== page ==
But my mom has a way of wearing you down. Soon, we all were laughing—even my dad tried to suppress a smirk—and we laugh about it together every time one of us gets turned around (which is more often than it should be, really.)
Although I've never admitted it, it's been my parents who have given me a love for what I do, especially my mother. When my mother graduated from the Ole Miss journalism program, she left her family in Oxford and traveled to Jackson to become a reporter.
Black reporters weren't as prevalent back then—especially in Mississippi—and she was hit with a double whammy by being female. But my mother embraced who she was, and walked into The Clarion-Ledger offices and became their first black female reporter.
When I was 9 years old, she wrote a book for me, "Stanley the Computer," whose protagonist was Maggie, Stanley's only human friend. She printed it, let me illustrate it and bound it between two colorfully painted pieces of cardboard. The idea that she could write a story seemed so elusive to me at that age. I thought it was impossible to create something so beautiful without the help of others. I treasured that book for all of my childhood.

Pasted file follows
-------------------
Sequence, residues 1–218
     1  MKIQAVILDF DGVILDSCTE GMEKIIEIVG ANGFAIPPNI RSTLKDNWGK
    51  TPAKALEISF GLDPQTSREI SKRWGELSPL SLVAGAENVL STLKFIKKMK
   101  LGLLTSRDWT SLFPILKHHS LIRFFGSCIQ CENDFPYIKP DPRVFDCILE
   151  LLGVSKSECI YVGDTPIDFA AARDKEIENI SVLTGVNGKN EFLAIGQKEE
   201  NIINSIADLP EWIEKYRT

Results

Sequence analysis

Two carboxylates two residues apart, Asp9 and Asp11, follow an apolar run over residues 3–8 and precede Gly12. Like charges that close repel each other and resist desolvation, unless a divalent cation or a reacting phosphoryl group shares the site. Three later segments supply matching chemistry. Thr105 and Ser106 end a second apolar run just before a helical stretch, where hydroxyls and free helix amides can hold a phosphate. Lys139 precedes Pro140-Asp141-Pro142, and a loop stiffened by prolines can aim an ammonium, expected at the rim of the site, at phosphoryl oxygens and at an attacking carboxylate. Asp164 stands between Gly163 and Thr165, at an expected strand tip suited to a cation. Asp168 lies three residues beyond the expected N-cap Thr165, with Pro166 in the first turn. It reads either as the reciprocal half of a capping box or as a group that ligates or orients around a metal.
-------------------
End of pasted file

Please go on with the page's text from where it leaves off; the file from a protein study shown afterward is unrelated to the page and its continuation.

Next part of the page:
Later as a teenager, I discovered my mother's soulful poetry from her college years. I loved the way each line from "Black Man" rolled off the tongue with such tender vigor. It inspired me to begin writing my own poetry that I performed at open-mic nights around the city.
But I never realized her influence until much later. When I started out at Mississippi College as a journalism student, family friends would say, "Just like your mother" or "Just like your father."
At first, it angered me to think that I lacked originality; I couldn't even muster enough independence to select a major like art or science. But I've come to appreciate the "family business." I've come to appreciate the talks I've had with my mother over media ethics, and I share my hopes and dreams for the future with her.
Since I've moved back home, my mother has tried to provide me with all the tools I will need once I leave her and enter my own household. She never got to ask her mother some of the tough questions before she died, and my grandmother had even less time with her mother.
My mother has tried to tell me how to be a good wife and mother, a good journalist and writer. But just having the privilege to be close to her for these months, to watch her and recognize her zest for life and the fullness thereof has been the utmost gift, the greatest lesson I could ever receive before I move on in the world.
Emulating my mother is my goal in life, and even though I don't always show it, I know will miss her beckoning calls to dance in the middle of the kitchen.
Great story, Maggie. After reading this, something just hit me: Your last name is Burks. Are you related to the guy who use to do the sports on a local station?